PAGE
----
There has been much coverage of the decline in home ownership across the board, with particular focus on the plight of millennials, who have suffered from a range of economic disadvantages following the financial crash. Indeed record numbers of individuals in this age range remain living in their parents’ homes for far longer than in previous years. A recent study by an insurance company showed that in 2005, 27% of 25 year olds still lived with parents, whereas this figure rose to 33% in 2016. Recent reports indicate that the scale of lending from ‘Bank of Mum and Dad’ or ‘BOMAD’, has increased dramatically with parents projected to finance 26% of all mortgages in 2017, an estimated contribution of £6.7bn towards sales totaling £77bn. This is a growing trend that reflects the different economic circumstances between the generations: wage stagnation, the cost of university, the reduction in defined benefit pensions as well as the dearth of affordable housing (a product of both the promotion of buy-to-let as well as lack of supply).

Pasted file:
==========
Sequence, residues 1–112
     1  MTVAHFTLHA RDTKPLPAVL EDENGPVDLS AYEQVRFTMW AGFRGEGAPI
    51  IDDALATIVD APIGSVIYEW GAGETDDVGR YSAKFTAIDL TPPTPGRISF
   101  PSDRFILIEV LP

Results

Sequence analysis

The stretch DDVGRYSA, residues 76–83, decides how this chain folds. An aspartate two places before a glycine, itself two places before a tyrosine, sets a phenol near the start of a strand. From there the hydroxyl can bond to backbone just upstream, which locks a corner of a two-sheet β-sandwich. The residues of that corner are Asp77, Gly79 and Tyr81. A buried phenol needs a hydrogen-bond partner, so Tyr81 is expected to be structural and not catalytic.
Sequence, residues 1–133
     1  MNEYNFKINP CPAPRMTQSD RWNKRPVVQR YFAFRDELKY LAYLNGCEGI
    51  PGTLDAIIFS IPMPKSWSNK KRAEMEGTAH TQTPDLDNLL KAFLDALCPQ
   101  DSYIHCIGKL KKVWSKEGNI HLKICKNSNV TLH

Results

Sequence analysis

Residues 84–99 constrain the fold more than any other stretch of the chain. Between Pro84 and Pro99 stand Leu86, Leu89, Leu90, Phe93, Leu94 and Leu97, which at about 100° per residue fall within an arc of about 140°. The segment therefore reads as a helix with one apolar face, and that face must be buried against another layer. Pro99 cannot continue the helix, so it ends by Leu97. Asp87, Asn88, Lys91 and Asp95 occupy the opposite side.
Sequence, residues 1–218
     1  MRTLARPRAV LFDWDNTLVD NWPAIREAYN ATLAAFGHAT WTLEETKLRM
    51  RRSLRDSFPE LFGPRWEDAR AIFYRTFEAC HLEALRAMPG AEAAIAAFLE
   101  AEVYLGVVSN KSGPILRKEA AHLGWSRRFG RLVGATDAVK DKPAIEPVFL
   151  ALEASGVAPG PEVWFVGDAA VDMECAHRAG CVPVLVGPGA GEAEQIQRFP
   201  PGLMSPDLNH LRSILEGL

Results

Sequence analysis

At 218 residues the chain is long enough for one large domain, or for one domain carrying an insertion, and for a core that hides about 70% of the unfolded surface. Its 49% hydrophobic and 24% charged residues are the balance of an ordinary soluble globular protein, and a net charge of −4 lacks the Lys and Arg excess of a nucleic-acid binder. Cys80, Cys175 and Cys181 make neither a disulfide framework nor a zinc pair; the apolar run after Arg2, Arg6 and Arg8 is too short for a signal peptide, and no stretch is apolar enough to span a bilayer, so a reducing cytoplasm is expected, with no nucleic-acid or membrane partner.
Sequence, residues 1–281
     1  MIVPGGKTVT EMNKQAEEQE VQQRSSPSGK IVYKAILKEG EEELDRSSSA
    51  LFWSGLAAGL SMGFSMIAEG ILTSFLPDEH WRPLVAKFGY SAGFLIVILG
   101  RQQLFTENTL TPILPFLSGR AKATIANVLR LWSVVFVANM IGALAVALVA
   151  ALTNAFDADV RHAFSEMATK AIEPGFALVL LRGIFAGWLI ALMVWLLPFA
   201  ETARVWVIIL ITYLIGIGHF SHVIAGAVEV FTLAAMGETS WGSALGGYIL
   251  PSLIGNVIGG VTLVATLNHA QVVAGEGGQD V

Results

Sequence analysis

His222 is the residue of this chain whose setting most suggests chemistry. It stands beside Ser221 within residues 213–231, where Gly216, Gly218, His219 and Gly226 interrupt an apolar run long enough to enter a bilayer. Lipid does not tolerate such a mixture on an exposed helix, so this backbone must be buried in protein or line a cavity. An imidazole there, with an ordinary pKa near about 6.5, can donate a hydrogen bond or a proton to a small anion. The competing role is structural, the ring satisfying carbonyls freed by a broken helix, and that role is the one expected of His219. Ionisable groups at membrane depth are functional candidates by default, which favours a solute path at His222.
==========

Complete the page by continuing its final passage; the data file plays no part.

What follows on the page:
ERC Chart: US Car Loan Delinquency

US Car Loan Delinquency
Summary:
The charts show the nominal value of car loans issued in the US, which peaked at $1.157 trillion in 2016, representing a 65% increase since 2004. Between 2004 and 2008, the value of loans remained fairly stable, whilst delinquency grew steadily. However, following the global crash in 2008, one can see a clear drop in the value of loans issued, as well as a spike in delinquency, which reflects the efforts of US financial institutions to clean up their balance sheets. This prudence only lasted until 2010, when the value of car finance loans began to steadily increase once again. The value of delinquent loans has grown from $17 billion in 2004 to $43 billion in 2016, an increase of nearly 155%.